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Medieval Women Warlords: Dr. Katrin Sjursen Offers New Perspective on the Role of French Female Noble Leaders

Medieval Women Warlords: Dr. Katrin Sjursen Offers New Perspective on the Role of French Female Noble Leaders

Today’s popular myths suggest that Joan of Arc was unique among medieval women for leading armies. In truth, however, she is just one example of many female military leaders throughout the medieval era. Dr. Katrin Sjursen, assistant professor of historical studies at SIUE, is currently preparing a book that reevaluates the prevalence and duties of female lords in medieval France who were entrusted with crucial military responsibilities.

When Sjursen began exploring sources for her dissertation, she, like many history scholars, expected to find few examples of women in medieval France conducting warfare. Instead, she was amazed to find that at least 40 women in a 300-year period were involved in conducting military procedures in France’s northern region. A prevalent theory for why so many medieval female lords’ military contributions have been downplayed over the ages points to the gradual increase of power in the Roman Catholic Church. This claim, Sjursen said, is often traced to an influential premise by historian Megan McLaughlin. Dr. McLaughlin’s argument asserts that by the 11th century, criticism of women conducting warfare became so pervasive that it eventually led to the end of such activities in the 14th and 15th centuries.

Katrin SjursenMcLaughlin believed that as the power of the Roman Catholic Church increased, it pressured women out of power with misogynistic reforms that decreased noble sovereignty and favored the oldest male children as primary royal and noble heirs.

Sjursen, however, points out the importance of context when interpreting history through medieval writers. McLaughlin, she said, looked only at chronicles, narratives concerned with convincing readers of what the author believed to be a greater truth, such as the importance of spiritual matters. “Thus,” Sjursen said, “she could only get at what medieval writers thought about these women rather than at what the women actually did.” These chronicles, she said, “chose whether to castigate or approve individual women based on the chroniclers’ own political position.” Dissatisfied with the subjective nature of these sources, Sjursen also examined the documents left behind by some of these female noble leaders, such as letters, charters, treaties and financial accounts, as well as annals, short written entries that only recorded changes of power, major war or unusual weather. These records, unlike chronicles, she said, “don’t castigate women commanders because they don’t castigate or approve anyone; there’s no space, and that’s not their purpose.”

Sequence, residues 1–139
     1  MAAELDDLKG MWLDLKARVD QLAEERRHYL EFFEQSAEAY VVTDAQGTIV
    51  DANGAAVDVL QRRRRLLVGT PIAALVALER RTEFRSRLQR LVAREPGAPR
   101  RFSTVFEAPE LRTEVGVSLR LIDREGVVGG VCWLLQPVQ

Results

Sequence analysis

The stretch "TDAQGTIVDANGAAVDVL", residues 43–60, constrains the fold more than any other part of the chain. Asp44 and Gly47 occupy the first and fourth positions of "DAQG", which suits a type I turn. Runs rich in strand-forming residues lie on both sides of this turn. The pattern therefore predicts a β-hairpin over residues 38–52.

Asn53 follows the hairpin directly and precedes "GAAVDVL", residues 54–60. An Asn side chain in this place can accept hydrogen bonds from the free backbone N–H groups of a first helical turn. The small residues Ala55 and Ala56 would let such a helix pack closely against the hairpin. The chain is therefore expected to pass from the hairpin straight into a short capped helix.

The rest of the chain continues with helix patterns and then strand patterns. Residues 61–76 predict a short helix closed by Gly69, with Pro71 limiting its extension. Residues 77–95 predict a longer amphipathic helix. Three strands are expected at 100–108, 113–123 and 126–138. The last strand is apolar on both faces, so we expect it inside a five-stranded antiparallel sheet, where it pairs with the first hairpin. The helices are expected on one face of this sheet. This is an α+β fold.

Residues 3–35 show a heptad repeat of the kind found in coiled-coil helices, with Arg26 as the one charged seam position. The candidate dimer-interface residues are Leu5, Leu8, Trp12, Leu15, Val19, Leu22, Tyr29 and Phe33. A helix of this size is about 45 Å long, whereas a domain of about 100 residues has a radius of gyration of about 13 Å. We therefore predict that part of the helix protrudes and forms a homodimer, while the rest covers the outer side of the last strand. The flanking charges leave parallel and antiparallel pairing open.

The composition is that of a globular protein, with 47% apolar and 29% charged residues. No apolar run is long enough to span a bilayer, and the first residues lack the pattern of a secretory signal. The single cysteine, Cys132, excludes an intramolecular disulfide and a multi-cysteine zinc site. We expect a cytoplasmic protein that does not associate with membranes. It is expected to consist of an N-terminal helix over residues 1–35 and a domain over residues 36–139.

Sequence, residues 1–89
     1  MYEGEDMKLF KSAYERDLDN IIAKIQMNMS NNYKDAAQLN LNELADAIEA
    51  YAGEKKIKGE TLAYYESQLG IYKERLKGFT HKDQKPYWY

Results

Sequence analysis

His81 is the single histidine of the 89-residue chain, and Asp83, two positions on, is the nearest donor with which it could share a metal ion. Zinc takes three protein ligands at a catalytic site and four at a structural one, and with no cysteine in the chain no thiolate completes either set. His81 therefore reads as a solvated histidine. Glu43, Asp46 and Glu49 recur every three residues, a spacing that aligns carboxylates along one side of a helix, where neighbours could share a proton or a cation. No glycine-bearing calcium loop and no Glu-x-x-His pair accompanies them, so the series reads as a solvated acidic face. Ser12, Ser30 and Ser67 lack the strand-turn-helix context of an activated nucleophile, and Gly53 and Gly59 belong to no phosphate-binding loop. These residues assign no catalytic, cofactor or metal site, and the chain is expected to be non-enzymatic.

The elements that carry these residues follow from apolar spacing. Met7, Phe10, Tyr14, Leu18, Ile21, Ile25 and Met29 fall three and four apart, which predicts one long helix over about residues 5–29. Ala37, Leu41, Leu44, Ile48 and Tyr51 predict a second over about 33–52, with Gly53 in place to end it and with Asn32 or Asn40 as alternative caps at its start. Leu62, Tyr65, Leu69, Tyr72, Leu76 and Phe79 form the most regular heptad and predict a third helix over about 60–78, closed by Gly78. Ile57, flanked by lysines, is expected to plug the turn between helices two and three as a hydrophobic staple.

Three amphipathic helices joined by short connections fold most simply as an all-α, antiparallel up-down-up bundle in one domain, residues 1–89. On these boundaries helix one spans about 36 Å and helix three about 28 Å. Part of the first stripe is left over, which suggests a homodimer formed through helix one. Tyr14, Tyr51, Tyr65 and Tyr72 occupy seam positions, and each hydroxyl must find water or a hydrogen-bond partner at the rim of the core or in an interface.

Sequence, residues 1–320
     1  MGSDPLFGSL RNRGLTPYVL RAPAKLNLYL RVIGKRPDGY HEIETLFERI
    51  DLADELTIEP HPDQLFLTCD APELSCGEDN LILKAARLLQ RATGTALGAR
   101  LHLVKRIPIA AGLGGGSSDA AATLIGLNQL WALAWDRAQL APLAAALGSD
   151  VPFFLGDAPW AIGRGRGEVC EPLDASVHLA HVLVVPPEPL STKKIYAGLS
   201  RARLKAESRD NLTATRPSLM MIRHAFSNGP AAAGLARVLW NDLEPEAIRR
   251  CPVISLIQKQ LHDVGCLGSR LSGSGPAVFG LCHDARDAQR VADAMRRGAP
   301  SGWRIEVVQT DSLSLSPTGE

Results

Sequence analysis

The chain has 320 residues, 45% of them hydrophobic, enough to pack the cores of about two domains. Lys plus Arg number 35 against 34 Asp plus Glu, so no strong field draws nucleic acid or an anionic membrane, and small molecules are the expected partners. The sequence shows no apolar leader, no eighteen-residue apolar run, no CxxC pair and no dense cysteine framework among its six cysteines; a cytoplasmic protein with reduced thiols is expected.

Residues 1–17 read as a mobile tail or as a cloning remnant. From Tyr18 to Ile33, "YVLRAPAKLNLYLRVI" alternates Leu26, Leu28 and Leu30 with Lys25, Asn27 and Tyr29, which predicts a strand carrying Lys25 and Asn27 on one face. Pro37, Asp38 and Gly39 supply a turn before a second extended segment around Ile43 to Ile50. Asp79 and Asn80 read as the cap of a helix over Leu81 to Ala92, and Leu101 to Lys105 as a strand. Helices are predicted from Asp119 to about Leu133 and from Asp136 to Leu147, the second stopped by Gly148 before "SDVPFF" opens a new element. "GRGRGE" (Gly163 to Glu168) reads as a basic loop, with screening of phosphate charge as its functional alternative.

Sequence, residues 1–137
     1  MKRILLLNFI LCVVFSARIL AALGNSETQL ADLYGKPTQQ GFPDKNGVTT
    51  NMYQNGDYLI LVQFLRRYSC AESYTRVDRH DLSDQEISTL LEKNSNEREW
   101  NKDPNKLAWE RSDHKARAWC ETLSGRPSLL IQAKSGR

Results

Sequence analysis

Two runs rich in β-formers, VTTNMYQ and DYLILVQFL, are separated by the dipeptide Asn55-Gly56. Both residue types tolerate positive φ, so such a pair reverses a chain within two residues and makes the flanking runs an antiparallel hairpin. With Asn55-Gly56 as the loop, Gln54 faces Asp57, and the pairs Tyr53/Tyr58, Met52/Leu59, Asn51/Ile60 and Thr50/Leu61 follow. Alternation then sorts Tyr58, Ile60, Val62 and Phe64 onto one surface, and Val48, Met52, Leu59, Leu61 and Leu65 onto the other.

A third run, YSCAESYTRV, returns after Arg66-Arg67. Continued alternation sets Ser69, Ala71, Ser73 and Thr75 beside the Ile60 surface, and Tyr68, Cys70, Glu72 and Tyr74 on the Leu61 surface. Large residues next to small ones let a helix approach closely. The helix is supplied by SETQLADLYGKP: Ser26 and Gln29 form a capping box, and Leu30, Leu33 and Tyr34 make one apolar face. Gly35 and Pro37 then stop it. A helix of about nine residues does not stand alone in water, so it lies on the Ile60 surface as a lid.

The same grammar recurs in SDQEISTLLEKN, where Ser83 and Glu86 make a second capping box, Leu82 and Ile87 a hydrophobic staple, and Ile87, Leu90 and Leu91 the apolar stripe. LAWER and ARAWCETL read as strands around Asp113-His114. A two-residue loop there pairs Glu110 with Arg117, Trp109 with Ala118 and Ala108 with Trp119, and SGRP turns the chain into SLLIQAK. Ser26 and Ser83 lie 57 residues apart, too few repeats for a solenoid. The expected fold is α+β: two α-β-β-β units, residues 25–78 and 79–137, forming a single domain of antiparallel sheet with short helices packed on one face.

According to Sjursen, there are additional ways in which recent scholarship has inaccurately depicted medieval women’s military lordships. Some historians, she said, have neglected the topic in pursuit of some other scholarly agenda, while others deny that female lords participated in warfare at all. In some instances, she said, selective uses of terminology have deprived women of their historical importance. For example, the adoption of a term such as “regent” to describe a medieval woman ruler implies a number of inaccuracies, such as the deferment of power to another male figure. In many instances, Sjursen said, using the word “ruler” instead would prove more accurate.

In her manuscript, Sjursen focuses on figures such as Blanche of Navarre, the Countess of Champagne, who is often mentioned as the regent to her son, Count Theobald IV of Champagne, but whom Sjursen instead refers to as a co-ruler. “While she was serving as Countess, charters were written to her by name, while her son was unnamed,” she said. “When she retired in 1222, her son still consulted with her on numerous occasions.” And at times during her retirement, King Louis IX and his mother Blanche of Castile preferred to deal with Theobald’s mother rather than him. Then there is the Empress Matilda, who fought for her right to inherit her father’s realm of England, which at that time also included parts of northern France. “Chronicles rarely reveal participation beyond isolated incidents of bravery, and modern studies rarely venture beyond these sources,” Sjursen said. “Her charters reveal how she managed the resources at her disposal to wage war and thereby demonstrate a much broader degree of women’s participation.”

Sjursen, through her exploration of medieval women rulers, and through an unprecendented number of primary texts, strives to bring us closer to a new, more empowered view of women’s history and their roles in the political and military cultures of their time. As a result, her project promises to bring its readers closer to people and events that would otherwise remain misunderstood.

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